• Jenny

    I use Wipee List (http://wipeelist.com) with Twitter integration to organize my stuff together. :)

    http://wipeelist.com/twitter/

  • Jenny

    I use Wipee List (http://wipeelist.com) with Twitter integration to organize my stuff together. :)http://wipeelist.com/twitter/

  • http://dougbelshaw.com Doug Belshaw

    My apologies, I was a bit grumpy and tired last night. Consideryourself re-followed. :-)

  • http://www.innovativeict.net Johannes Ahrenfelt

    It is amazing how creative you can be when some of the basic hierarchical structures have been taken away. I was recently invited to join a discussion/workshop in Bratislava (very fancy – I know!) about how ICT can be used to encourage learning and teaching. We had meetings in the afternoon which were very productive but the real creative outcomes occurred in the evening when people’s ‘hats’ had been removed and we shared our individual expertise and experience.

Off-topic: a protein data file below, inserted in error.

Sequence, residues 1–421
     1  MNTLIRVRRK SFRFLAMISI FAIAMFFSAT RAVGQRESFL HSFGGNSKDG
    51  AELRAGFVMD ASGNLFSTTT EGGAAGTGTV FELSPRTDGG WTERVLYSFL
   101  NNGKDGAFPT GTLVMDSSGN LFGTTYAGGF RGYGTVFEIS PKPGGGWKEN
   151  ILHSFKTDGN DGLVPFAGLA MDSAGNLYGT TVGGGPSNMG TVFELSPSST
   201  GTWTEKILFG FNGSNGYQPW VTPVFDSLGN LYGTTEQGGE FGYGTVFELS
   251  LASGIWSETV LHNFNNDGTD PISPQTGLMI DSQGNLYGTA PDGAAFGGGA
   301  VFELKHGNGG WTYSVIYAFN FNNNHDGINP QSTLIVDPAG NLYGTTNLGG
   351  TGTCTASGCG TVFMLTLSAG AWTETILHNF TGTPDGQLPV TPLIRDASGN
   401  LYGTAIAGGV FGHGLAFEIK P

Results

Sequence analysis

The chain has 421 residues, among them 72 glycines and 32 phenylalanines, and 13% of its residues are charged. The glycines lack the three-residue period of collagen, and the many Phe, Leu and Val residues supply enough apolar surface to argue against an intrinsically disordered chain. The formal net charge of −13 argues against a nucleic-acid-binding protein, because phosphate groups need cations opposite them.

• http://www.innovativeict.net Johannes Ahrenfelt

    It is amazing how creative you can be when some of the basic hierarchical structures have been taken away. I was recently invited to join a discussion/workshop in Bratislava (very fancy – I know!) about how ICT can be used to encourage learning and teaching. We had meetings in the afternoon which were very productive but the real creative outcomes occurred in the evening when people's 'hats' had been removed and we shared our individual expertise and experience.

  • http://www.innovativeict.net Johannes Ahrenfelt

    It is amazing how creative you can be when some of the basic hierarchical structures have been taken away. I was recently invited to join a discussion/workshop in Bratislava (very fancy – I know!) about how ICT can be used to encourage learning and teaching. We had meetings in the afternoon which were very productive but the real creative outcomes occurred in the evening when people’s ‘hats’ had been removed and we shared our individual expertise and experience.

  • http://www.friedbeef.com Friedbeef

    Interesting, I guess it’s only a matter of time before things like TeachMeet reach my shores in Malaysia!